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Duke, Garcia added to bullpen

Duke, Garcia added to bullpen

As well as each was pitching all summer at Class AAA Syracuse, neither Zach Duke nor Christian Garcia ever gave serious thought to the possibility of getting promoted to join the Nationals before season's end.

Not that they hadn't performed well enough to merit consideration for a promotion. But with the Nationals posting baseball's best record behind the sport's best pitching staff -- and considering neither held a spot on the organization's 40-man roster -- they knew the odds were slim at best their services would be needed at the big-league level.

That only made the experience of donning Nationals caps and jerseys for the first time this morning sweeter for both players. Each had his contract purchased and was promoted to Washington for the remainder of the season.

"I knew the way these guys were throwing up here that for me to get called up there'd have to be an injury -- or probably two or three injuries -- so I didn't expect to be called up," Duke said. "It was pretty shocking and very overwhelming. ... I'm just so thankful for it."

"To be with guys as talented as everybody in here, it's an honor just to be able to put their jersey on," Garcia said. "Knowing they're in first place, trying to clinch a playoff spot, it's an honor."

Each player's promotion is testament to perseverance, because each took a long road to reach this juncture.

Duke, 29, owns 48 big-league wins and a 2009 All-Star selection with the Pirates, but after getting released by the Astros at the end of spring training had only one offer for a minor-league contract: from the Nationals. He reported to Syracuse and proceeded to go 15-5 with a 3.51 ERA in 26 starts.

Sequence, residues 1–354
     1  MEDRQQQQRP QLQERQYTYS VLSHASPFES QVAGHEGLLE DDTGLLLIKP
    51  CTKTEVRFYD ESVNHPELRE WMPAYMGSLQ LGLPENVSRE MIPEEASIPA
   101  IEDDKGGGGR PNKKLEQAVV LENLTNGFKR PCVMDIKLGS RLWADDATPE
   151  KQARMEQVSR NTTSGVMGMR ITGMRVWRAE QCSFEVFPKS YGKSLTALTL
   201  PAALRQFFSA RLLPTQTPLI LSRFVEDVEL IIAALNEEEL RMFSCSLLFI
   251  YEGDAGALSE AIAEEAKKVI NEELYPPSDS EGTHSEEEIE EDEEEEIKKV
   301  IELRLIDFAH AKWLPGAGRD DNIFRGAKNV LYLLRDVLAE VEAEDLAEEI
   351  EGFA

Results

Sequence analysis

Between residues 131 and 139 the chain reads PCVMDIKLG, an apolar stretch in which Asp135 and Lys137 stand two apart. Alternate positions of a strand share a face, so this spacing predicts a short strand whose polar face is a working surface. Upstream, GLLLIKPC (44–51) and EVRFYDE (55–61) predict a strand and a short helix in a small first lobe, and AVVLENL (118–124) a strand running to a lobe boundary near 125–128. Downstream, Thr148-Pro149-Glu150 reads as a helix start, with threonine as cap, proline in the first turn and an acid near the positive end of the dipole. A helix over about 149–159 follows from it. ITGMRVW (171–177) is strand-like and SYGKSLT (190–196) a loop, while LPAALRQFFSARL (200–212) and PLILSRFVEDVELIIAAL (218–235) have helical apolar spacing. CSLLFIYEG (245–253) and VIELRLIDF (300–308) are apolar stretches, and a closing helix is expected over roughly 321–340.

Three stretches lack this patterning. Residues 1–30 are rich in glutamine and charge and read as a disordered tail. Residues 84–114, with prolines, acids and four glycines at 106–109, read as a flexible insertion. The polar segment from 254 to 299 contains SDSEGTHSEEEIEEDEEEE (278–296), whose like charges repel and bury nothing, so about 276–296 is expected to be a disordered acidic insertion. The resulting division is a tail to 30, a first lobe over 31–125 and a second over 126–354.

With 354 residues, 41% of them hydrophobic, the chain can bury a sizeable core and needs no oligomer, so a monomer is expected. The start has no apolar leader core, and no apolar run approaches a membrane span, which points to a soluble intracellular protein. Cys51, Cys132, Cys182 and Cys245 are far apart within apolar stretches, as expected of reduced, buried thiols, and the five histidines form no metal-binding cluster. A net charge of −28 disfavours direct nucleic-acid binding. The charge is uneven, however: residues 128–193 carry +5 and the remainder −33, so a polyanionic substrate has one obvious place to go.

There's no room for Duke in the Nationals' rotation; even with Stephen Strasburg's pending shutdown, only fellow lefty John Lannan will be needed to make a couple of spot starts down the stretch. But manager Davey Johnson plans to use Duke out of his bullpen, perhaps needing the left-hander to record a key out or two at some point.

Duke, who has some relief experience with the Diamondbacks, insists he'll contribute any way he can, ecstatic simply to be given the opportunity to don a major-league uniform again after not knowing if it would ever happen again.

"When you get released from a team like Houston who has the worst record in baseball, it doesn't look really good for you," he said. "The Nationals still believed in me, gave me a shot, and it worked out."

Garcia, 27, is a big leaguer for the first time after a long and arduous road that included two Tommy John surgeries on his right elbow. A third-round pick of the Yankees in the 2004 draft, he signed with the Nationals last year and worked his way up from short-season Class A Auburn to Class AAA, where he posted a 0.56 ERA in 27 games.

Having made a career-high 45 relief appearances this season, Garcia is in uncharted waters. He's not worried, though, about fatigue down the stretch, certainly not given the opportunity he's now been given.

"I feel great," he said. "I feel healthy, 100 percent. I'm not tired at all. I think I just got another shot of life getting up here."

The Nationals had only 39 players on their 40-man roster at the start of the day, so there was room for one of the additions. Another spot was created when reliever Henry Rodriguez (who had surgery to remove a bone spur from his elbow) was transferred to the 60-day DL.